Dementia NEWS: High blood pressure could REDUCE Alzheimer's disease risk


Aces have revealed the onset of the condition – which is also known as hypertension – in up to the minuter life may actually protect against Alzheimer’s Disease.

High blood difficulties is generally thought to increase dementia risk.

But now researchers have bid the onset of high blood pressure later in life is associated with humble dementia risk after the age of 90, especially if hypertension is developed at age 80 or older.

Professor Maria Corrada, of the University of California, Irvine, novelist of the study, revealed the results.

She said: “In this first-of-its-kind study, we win that hypertension is not a risk factor for dementia in people age 90 or all over, but is actually associated with reduced dementia risk.

“This relationship had not yet been examined in disposes of older people in their 80s or 90s, known as the ‘oldest old’.”

Researchers followed 559 people for an ordinary of 2.8 years to investigate the link between dementia, age of hypertension hit, and blood pressure measurements.

All participants are from a long-term study of people age 90 and older positive as The 90+ Study.

None of the participants – who had  an average age of 93, had dementia at the start of the swot. They received dementia assessments every six months during the analyse period.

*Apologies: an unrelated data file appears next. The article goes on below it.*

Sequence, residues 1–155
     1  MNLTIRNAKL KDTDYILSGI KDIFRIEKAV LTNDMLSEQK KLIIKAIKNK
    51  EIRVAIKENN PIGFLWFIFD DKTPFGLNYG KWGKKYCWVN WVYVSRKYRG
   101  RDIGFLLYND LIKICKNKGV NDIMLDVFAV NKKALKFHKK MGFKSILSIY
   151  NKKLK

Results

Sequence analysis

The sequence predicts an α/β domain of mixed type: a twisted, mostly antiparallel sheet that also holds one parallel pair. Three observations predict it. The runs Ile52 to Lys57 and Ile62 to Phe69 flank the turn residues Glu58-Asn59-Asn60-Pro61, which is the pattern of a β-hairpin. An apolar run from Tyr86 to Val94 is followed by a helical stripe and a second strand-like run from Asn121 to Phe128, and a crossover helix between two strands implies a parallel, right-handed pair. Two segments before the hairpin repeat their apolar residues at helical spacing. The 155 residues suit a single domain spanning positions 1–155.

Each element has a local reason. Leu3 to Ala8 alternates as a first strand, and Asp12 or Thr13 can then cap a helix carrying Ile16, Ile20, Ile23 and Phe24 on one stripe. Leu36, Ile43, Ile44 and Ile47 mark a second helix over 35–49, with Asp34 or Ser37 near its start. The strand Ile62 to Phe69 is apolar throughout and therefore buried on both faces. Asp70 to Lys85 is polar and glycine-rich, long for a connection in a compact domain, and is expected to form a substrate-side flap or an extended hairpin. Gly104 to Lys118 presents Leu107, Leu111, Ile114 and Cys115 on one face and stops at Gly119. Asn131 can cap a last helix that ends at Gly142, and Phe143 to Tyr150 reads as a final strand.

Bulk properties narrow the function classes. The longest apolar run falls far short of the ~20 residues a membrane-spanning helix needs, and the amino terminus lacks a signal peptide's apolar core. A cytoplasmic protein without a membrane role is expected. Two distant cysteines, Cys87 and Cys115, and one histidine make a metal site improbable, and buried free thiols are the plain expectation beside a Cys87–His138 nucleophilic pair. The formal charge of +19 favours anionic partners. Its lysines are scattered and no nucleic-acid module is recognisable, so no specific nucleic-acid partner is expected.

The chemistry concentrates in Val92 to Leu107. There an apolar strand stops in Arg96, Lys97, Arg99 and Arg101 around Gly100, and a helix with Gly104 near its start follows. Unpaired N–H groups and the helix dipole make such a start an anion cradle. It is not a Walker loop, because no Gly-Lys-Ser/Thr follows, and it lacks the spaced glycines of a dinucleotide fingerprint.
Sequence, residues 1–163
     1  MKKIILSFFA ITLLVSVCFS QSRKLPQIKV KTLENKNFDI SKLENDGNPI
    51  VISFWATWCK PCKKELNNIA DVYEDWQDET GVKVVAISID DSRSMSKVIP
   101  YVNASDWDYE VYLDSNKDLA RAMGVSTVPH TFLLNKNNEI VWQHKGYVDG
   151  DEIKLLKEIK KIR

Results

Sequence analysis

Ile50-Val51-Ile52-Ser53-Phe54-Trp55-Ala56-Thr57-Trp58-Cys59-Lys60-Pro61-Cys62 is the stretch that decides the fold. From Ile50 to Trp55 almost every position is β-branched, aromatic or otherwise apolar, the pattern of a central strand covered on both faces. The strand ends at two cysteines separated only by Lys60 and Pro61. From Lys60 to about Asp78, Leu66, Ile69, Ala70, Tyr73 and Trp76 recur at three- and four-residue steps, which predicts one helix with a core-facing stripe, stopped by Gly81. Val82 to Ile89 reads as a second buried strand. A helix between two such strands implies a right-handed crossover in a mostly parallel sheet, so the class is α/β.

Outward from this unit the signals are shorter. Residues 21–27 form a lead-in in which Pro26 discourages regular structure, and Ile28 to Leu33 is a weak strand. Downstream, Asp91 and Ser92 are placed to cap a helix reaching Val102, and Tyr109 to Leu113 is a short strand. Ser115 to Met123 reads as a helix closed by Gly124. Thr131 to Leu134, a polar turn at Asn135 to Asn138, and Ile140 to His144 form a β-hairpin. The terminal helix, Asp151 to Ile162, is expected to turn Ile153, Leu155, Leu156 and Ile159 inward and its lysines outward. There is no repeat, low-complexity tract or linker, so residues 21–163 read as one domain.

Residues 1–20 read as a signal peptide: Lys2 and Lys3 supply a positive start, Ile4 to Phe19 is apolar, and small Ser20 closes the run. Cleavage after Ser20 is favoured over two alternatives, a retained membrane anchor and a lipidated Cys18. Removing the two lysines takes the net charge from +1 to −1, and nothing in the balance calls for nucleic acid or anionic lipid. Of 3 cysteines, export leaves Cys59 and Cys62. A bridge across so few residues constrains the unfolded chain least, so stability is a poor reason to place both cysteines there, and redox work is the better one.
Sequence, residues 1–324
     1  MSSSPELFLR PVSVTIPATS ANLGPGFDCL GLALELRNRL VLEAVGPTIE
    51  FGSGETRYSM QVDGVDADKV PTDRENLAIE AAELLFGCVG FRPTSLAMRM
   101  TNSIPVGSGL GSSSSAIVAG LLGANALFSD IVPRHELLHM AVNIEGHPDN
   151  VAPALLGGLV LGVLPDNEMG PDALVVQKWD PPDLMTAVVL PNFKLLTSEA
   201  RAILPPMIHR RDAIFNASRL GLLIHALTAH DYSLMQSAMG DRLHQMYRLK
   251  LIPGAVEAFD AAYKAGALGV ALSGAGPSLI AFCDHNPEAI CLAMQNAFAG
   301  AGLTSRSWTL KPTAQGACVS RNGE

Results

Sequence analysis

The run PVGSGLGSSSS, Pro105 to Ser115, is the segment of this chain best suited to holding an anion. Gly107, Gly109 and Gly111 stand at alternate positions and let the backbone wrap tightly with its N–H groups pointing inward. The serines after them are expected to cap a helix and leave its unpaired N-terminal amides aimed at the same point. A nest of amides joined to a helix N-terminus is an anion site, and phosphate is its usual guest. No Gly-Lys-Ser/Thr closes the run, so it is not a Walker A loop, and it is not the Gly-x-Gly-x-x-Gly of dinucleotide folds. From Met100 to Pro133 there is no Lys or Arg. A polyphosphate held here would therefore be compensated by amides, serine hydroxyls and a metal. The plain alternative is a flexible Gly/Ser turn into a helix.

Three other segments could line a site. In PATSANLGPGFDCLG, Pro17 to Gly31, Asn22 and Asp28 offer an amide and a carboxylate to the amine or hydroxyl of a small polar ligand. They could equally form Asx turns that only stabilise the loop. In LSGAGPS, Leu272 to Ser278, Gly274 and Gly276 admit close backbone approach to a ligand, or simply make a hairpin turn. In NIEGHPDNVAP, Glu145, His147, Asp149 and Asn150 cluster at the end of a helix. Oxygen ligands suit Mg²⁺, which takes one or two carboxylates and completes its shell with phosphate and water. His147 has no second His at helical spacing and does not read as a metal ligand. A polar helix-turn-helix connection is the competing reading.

During the follow-up period, 224  – 40 per cent –  of the become associated withs were diagnosed with dementia.

The researchers found that gets who reported hypertension onset at age 80 to 89 were 42 per cent less proper to develop dementia after the age of 90 compared to those who reported no information of high blood pressure.

Participants whose high blood force began at age 90 or older were at even lower risk –  63 per cent illiberal likely to develop dementia.

The researchers said the associations were ‘statistically signal’.

They said dementia risk declined as the severity of hypertension increased – concluding that hypertension could keep the brain from processes which lead to dementia.

Dr Maria Carrillo, Alzheimer’s Consortium Chief Science Officer, said: “These new findings suggest some hazard factors for dementia may change over the course of our lives. We have glomed similar results in past studies comparing body mass in older adults with dementia gamble.”

A study published in 2008 of 255 people aged 75 or hoarier living in Stockholm, Sweden, found those who were overweight had a humiliate dementia risk.

A study published in 2009 of almost 3,000 adults closer age 75 on average who were part of an observational studyhad similar follows – those whowere underweight had an increased risk for dementia while those who were chubby had a reduced risk.

Professor Corrada said: “Before we can make the dance to suggesting changes to blood pressure recommendations for reducing dementia hazard in clinical care, we need more research to confirm and explain our finds.

“This includes investigations into the underlying biology of hypertension and capacity function.”

She said there were several potential reasons for the connection between hypertension and dementia risk observed in the study. These catalogue that blood pressure may need to reach a certain level to care for adequate blood flow to the brain, and that this level may metamorphose with age.

The research was published online in the journal Alzheimer’s and Dementia.

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